AP Photo/Ted S. Warren

Editor’s Note: This story has been changed to strengthen its focus on student data privacy. The original version, which contained more specifics from an agreement between the state schools office and The Seattle Times, left some of our readers mistakenly believing that their children’s names and Social Security numbers had been released to the Times. While the story did not say that, we want to remove any doubts. The agreement can be viewed below.

KUOW has learned that the Washington state education department has signed agreements to share non-public student data with media organizations including The Seattle Times and The Associated Press.

Flickr Photo/Boston Public Library

David Hyde talks with Kenny Irby of the Poynter Institute for Media Studies about a confrontation between national media and the White House over a policy that shuts photographers out of some presidential events.

David Folkenflik's book "Murdoch's World."

David Hyde speaks with NPR media correspondent David Folkenflik about his book “Murdoch’s World: The Last of the Old Media Empires.”

The FCC is currently accepting applications for new low-power FM radio stations. The Record's Marcie Sillman speaks with Sabrina Roach of Brown Paper Tickets about what groups are applying for licenses.

KUOW Photo/Joshua McNichols

David Hyde speaks with Voice of Vashon co-founder Susan McCabe. The online radio station is applying for a new low-power FM station.

Community Radio Enters The Supernatural With "Welcome To Night Vale"

Oct 31, 2013
Flickr Photo/Rowan

Steve Scher talks with Joseph Fink and Jeffrey Cranor, the creators of a podcast that centers around a small desert town where many strange and unusual events occur: Welcome To Night Vale.

That's Not What The Fox Says. It Goes Wow-Wow

Oct 23, 2013
Flickr Photo/US National Archives

"What does the fox say?" — the viral video in which a child’s barnyard sounds book goes “Gangnam Style” — has spurred many parodies,  including one from longtime local drive time show, Bob Rivers on KJR. Their Twisted Tunes team spun the tune into a pep rally ditty for the Seattle Seahawks.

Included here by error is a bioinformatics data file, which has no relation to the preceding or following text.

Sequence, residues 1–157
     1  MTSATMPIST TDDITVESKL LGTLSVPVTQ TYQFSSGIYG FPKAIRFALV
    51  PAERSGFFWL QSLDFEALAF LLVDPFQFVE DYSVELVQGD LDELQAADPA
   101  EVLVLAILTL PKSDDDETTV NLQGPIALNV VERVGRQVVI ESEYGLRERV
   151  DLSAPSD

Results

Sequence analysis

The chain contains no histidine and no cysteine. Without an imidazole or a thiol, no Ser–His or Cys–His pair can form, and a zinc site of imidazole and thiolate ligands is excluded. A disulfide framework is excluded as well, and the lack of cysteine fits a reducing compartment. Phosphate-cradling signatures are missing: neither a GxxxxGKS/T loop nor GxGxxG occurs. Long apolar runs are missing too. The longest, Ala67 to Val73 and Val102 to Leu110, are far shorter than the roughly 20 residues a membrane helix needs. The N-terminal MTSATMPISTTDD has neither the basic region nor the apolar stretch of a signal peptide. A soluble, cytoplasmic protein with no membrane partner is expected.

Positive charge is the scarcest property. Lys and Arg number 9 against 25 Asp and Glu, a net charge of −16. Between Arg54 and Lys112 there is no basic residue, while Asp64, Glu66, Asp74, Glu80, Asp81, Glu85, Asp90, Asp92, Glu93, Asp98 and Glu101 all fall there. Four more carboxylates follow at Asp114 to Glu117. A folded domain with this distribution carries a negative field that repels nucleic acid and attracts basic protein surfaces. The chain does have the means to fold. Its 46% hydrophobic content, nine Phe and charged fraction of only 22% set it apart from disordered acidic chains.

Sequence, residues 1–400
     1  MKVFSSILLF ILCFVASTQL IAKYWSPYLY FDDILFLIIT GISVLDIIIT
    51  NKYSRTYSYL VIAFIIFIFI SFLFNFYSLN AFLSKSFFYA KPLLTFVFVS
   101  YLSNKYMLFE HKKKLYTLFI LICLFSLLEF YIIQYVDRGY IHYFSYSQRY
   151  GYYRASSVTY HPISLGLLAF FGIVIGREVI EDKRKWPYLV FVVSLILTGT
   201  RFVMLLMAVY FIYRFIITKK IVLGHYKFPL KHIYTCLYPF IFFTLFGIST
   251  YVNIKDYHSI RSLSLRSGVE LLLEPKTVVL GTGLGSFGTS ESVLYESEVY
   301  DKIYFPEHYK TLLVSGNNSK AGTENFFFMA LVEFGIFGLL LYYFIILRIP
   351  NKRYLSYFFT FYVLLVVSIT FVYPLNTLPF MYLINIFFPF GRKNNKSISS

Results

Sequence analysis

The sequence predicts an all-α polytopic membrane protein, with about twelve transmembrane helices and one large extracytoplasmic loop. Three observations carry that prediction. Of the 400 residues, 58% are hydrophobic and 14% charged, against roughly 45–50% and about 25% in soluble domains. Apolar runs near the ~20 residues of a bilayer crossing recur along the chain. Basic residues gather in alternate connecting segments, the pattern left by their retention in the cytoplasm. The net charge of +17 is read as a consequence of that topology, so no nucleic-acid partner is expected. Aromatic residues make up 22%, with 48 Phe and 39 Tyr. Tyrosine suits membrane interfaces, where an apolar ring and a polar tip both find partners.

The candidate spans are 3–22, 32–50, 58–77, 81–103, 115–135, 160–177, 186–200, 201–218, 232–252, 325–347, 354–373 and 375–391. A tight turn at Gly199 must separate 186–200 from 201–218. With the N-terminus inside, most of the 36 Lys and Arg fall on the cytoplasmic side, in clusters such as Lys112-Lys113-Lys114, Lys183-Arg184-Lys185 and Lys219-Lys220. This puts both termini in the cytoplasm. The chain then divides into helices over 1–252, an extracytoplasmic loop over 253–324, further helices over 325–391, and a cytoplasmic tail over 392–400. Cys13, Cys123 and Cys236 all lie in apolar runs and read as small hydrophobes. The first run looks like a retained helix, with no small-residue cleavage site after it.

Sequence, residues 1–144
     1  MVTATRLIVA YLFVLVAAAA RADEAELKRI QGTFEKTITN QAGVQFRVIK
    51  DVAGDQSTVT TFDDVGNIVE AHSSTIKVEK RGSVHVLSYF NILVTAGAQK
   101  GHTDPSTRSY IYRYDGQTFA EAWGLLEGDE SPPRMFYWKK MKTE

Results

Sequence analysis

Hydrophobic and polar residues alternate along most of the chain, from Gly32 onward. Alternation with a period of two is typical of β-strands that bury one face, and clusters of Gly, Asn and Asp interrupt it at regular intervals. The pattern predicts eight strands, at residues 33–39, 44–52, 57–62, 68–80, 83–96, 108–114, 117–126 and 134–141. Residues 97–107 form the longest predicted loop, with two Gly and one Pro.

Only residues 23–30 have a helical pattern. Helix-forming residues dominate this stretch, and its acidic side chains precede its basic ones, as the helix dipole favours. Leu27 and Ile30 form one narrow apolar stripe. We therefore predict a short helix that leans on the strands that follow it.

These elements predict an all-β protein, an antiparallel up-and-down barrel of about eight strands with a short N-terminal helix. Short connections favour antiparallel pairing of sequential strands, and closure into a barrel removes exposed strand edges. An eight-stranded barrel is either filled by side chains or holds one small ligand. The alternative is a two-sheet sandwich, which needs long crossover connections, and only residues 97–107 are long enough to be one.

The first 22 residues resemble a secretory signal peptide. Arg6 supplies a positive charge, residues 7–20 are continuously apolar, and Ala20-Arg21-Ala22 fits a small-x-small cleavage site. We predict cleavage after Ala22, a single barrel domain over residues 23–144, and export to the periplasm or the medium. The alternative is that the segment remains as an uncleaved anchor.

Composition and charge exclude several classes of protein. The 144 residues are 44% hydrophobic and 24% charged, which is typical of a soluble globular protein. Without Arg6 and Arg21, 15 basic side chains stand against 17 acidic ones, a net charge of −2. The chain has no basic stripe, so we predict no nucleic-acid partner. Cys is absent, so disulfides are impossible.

This inspired KUOW host Bill Radke to ponder — and answer — the cosmic question himself. Play the audio clip to find out exactly what a fox says.

Courtesy of StoryCorps

When Dave Isay first launched the StoryCorps project – an independent archive of interviews between two people – nobody wanted to participate. StoryCorps staff at Grand Central Station would have to grab commuters and convince them to come into the tiny recording booth to share their stories.

The Record’s Ross Reynolds interviews Thomas Patterson, a professor of government and the press at Harvard’s Kennedy School of Government, whose new book is Informing the News: The Need for Knowledge-Based Journalism. The book began as a look at what journalism schools need to do to train the new generation of reporters.

Flickr Photo/clappstar

The Seattle Police Department has had a difficult couple of years. A strongly critical Department of Justice report found widespread excessive use of force. A federal judge is now overseeing a plan to fix the problem. 

But one bright spot in the media has been the police presence on the web and social media. Contrary to what you might expect, SPD's blog is pretty entertaining. For example one web post, MarijWhatNow, about how Seattle police would deal with legalized marijuana, drew worldwide attention and earned the "best new thing in the world today" title from the Rachel Maddow Show.

Should Parents Post Baby Pics Online?